It was a trip to the moon in 1902 that gave birth to the narrative film, and propelled cinema forward. The theatrical fairy-tale A Trip to the Moon turned French director Georges Méliès into the uncrowned king of international cinema. The silent era provided some of the timeless classics of space films, whose influence is not only seen on screen even today, but that even had an impact on space travel itself. Hereby we present the 10 greatest space films of the silent era.
∗∗∗∗∗∗∗∗∗∗ (4/10) In 1911 British film pioneer Walter R. Booth updated his five years old film The ‘?’ Motorist with better effects, more outer space madness and a robot. Technically […]
∗∗∗∗∗∗∗∗∗∗ (4/10) A man and his daughter are kidnapped by pirates in a flying submarine in this 1910 British action adventure. Walter R. Booth’s story is too ambitious for its […]
∗∗∗∗∗∗∗∗∗∗ (6/10) Walter R. Booth’s short film is a subversive and funny trick film about a couple of mad motorists that speed through the British streets, toppling police officers, riding […]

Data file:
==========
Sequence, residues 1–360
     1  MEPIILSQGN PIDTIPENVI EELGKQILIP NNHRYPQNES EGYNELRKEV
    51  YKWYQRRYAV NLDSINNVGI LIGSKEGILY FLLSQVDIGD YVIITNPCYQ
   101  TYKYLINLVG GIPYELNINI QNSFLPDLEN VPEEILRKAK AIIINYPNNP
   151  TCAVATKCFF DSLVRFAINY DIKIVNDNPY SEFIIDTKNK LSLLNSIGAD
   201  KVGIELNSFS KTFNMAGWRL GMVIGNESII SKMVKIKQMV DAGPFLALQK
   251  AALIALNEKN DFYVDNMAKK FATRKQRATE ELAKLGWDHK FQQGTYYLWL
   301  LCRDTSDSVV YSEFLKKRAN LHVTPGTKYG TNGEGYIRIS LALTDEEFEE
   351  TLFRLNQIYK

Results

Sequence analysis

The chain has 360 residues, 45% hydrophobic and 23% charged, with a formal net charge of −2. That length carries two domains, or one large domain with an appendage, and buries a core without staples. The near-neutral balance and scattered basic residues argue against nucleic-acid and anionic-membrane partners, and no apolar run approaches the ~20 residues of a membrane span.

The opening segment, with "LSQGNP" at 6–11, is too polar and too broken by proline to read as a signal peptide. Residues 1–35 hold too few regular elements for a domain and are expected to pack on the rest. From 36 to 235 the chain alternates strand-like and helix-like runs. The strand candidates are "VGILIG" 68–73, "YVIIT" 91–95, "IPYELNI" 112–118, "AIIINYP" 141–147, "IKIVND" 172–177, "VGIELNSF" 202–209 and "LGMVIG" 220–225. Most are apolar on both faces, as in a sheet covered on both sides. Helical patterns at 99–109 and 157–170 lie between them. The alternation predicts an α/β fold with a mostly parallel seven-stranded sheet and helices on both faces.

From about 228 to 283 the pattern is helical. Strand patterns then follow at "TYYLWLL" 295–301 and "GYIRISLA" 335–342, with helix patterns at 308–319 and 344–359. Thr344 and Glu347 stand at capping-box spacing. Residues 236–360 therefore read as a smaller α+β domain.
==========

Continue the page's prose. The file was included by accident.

∗∗∗∗∗∗∗∗∗∗ (5/10) Britain’s first sci-fi film features a marvelous incubator. The short comedy clip was directed by Walter R. Booth, early cinema’s most prolific science fiction director and the artistic […]
∗∗∗∗∗∗∗∗∗∗ (6/10) An action-packed British short from 1909 depicting future warfare with missiles and airships. Walter Booth directs with typical energy and audacity and some of the physical effects are […]
Early cinema was the pulp fiction of its time: a crude and undistinguished novelty, and just as with other lower-tier entertainment, there were surefire moneymakers: nudity, shock, thrills and escapism. […]